The OECD Guidelines for Multinational Enterprises specify how the NCPs are to deal with specific instances and describes the NCPs tasks. In accordance with the Guidelines, the NCP shall:

  • Make the Guidelines known and available
  • Respond to enquiries from companies, labour organisations, civil society and other stakeholders
  • Assess complaints and contribute to resolving cases that arise regarding breaches of the Guidelines, and where dialogue or mediation is not feasible publish a final statement on the complaint
  • Report annually to the OECD investment committee
  • Share experience and discuss cases and good practices with NCPs in other countries
  • Fulfil the criteria for non-judicial grievance mechanisms as set forth by the UN and the OECD

In line with Norway NCP’s mandate of 2018 the NCP will also handle specific instances related to the ILO Declaration concerning Multinational Enterprises and Social Policy.

OECD Core Criteria

In accordance with the Guidelines, commentary 9 on the Procedural Guidance for NCPs, all NCPs shall be characterised by:

Visibility. Adhering governments should inform the business community, worker organisations, NGOs and other interested parties about the availability of facilities associated with NCPs. Governments are expected to publish information about their NCP and to take an active role in promoting the Guidelines (i.e. by hosting seminars and meetings, which could be done in co-operation with different stakeholders).
Accessibility. Easy access to NCP s is important to their effective functioning. NCPs respond to all legitimate requests for information and also deal with specific issues raised by different parties in an efficient and timely manner.
Transparency. Transparency contributes to the accountability of the NCP and is important for gaining the confidence of the general public. Activities of NCPs should be transparent, although it is recognised that in specific instances NCPs might take appropriate steps to establish confidentiality of the proceedings.
Accountability. A more active role in enhancing the profile of the Guidelines – and their potential to aid in the management of difficult issues between enterprises and the societies in which they operate – puts the activities of NCPs in the public eye. Nationally, parliaments could have a role to play. Annual reports and regular meetings of NCPs provide an opportunity to share experiences and encourage best practices. The OECD Investment Committee also holds exchanges of views, where experiences are exchanged and the effectiveness of the activities of NCPs could be assessed.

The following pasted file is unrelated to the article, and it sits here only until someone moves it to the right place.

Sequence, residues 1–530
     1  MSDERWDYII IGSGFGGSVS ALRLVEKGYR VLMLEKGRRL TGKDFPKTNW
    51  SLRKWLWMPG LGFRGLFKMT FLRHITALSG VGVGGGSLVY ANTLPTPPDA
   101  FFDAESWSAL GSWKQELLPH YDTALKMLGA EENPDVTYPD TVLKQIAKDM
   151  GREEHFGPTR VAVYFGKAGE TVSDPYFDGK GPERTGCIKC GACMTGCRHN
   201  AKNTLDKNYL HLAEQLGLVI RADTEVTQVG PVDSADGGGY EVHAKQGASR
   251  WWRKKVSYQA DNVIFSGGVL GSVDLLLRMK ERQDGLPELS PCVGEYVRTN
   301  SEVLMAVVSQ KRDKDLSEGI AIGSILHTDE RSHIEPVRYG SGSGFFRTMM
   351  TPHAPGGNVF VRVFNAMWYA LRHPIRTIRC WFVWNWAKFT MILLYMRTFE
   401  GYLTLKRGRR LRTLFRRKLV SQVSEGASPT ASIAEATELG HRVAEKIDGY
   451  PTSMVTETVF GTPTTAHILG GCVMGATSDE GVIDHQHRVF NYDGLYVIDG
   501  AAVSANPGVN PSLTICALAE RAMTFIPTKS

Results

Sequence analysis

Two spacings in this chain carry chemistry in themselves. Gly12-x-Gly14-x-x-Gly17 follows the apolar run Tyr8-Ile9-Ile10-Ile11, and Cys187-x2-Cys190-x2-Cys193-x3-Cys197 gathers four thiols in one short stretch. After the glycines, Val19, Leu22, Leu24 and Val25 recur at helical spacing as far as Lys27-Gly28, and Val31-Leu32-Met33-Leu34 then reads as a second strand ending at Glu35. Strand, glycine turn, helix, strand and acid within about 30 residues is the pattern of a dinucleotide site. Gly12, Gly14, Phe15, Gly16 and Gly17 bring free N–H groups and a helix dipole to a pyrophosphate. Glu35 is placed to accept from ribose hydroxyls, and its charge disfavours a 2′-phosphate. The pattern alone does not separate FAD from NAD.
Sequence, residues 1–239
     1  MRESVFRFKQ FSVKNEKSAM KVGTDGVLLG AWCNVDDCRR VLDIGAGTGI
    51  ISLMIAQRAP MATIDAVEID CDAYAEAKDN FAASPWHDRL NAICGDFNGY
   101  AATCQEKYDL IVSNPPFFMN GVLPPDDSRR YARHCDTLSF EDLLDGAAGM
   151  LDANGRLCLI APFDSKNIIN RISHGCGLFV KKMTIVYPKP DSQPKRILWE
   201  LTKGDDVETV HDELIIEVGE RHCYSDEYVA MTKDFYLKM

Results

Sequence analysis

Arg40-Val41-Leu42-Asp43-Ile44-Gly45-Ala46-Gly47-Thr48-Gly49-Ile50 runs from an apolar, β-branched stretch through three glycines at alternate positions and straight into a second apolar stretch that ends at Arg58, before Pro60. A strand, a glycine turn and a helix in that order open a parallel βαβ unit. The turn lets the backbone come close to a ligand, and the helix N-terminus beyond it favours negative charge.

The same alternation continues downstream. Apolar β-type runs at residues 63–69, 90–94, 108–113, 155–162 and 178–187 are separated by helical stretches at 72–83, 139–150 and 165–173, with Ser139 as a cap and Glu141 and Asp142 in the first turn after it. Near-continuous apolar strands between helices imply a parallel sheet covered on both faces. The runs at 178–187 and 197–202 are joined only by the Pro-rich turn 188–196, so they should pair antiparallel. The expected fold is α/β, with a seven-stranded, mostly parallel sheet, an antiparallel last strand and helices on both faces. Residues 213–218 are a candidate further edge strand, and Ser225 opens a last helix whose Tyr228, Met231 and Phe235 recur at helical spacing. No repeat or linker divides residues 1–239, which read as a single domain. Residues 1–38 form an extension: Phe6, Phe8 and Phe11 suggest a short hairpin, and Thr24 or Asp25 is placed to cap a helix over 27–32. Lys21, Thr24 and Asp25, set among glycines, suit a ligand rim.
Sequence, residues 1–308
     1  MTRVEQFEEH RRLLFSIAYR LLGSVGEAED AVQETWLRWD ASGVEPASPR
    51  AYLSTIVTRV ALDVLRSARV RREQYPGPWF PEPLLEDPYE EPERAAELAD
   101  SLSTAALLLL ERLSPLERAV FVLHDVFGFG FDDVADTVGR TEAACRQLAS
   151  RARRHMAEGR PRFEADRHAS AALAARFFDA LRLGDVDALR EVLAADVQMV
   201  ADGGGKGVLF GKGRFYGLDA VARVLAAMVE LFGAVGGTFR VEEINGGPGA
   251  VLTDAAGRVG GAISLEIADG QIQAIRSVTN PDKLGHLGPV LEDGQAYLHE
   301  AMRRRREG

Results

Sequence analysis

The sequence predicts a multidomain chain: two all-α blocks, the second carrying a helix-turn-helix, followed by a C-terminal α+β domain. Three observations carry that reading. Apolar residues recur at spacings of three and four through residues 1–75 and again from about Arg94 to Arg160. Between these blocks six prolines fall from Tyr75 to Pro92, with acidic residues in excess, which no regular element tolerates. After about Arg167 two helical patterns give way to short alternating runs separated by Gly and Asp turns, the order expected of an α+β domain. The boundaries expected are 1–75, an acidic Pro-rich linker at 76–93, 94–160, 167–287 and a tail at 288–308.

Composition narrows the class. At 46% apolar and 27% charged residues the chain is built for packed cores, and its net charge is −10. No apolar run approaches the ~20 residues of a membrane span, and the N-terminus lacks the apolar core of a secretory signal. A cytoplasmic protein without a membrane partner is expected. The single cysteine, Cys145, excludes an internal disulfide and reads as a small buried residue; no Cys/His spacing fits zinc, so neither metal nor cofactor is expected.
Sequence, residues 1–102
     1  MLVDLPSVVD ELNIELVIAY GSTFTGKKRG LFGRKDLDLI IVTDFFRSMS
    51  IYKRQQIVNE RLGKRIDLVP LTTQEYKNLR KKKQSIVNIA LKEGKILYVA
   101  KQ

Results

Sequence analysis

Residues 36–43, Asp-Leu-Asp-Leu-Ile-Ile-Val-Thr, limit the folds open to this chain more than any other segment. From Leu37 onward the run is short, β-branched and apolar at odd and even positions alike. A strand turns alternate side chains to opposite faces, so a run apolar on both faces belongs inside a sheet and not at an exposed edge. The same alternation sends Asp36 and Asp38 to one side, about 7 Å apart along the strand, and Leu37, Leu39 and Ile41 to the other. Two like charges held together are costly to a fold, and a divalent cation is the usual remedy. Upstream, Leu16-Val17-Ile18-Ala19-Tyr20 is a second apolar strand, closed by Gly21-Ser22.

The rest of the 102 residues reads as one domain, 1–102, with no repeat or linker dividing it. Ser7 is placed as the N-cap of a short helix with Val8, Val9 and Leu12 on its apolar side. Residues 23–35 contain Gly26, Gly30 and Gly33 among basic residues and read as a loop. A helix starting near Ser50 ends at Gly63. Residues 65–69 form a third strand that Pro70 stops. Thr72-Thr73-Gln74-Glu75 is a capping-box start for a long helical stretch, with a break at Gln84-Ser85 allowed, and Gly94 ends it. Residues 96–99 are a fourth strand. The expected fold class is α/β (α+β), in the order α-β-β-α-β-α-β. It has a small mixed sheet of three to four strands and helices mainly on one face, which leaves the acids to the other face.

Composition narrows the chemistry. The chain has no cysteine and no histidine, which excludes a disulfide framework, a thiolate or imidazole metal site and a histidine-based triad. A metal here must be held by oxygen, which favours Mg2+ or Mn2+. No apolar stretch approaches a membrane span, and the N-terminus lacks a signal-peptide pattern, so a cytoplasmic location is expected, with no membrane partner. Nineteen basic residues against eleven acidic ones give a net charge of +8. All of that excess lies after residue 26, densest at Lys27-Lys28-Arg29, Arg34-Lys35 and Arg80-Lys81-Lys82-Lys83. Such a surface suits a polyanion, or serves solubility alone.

UN Guiding Principles’ Effectiveness Criteria for Non-Judicial Grievance Mechanisms

For a non-judicial grievance mechanism, such as the OECD National Contact Point, to function as intended, it must according to the UN Guiding Principles on Business and Human Rights be:

Legitimate. Enabling trust from the stakeholder groups for whose use they are intended, and being accountable for the fair conduct of grievance processes.
Accessible. Being known to all stakeholder groups for whose use they are intended, and providing adequate assistance for those who may face particular barriers to access.
Predictable. Providing a clear and known procedure with an indicative timeframe for each stage, and clarity on the types of process and outcome available and means of monitoring implementation.
Equitable. Seeking to ensure that aggrieved parties have reasonable access to sources of information, advice and expertise necessary to engage in a grievance process on fair, informed and respectful terms.
Transparent. Keeping parties to a grievance informed about its progress, and providing sufficient information about the mechanism’s performance to build confidence in its effectiveness and meet any public interest at stake.
Rights-compatible. Ensuring that outcomes and remedies accord with internationally recognized human rights.
A source of continuous learning. Drawing on relevant measures to identify lessons for improving the mechanism and preventing future grievances and harms.
Based on engagement and dialogue. Consulting the stakeholder groups for whose use they are intended on their design and performance, and focusing on dialogue as the means to address and resolve grievances.

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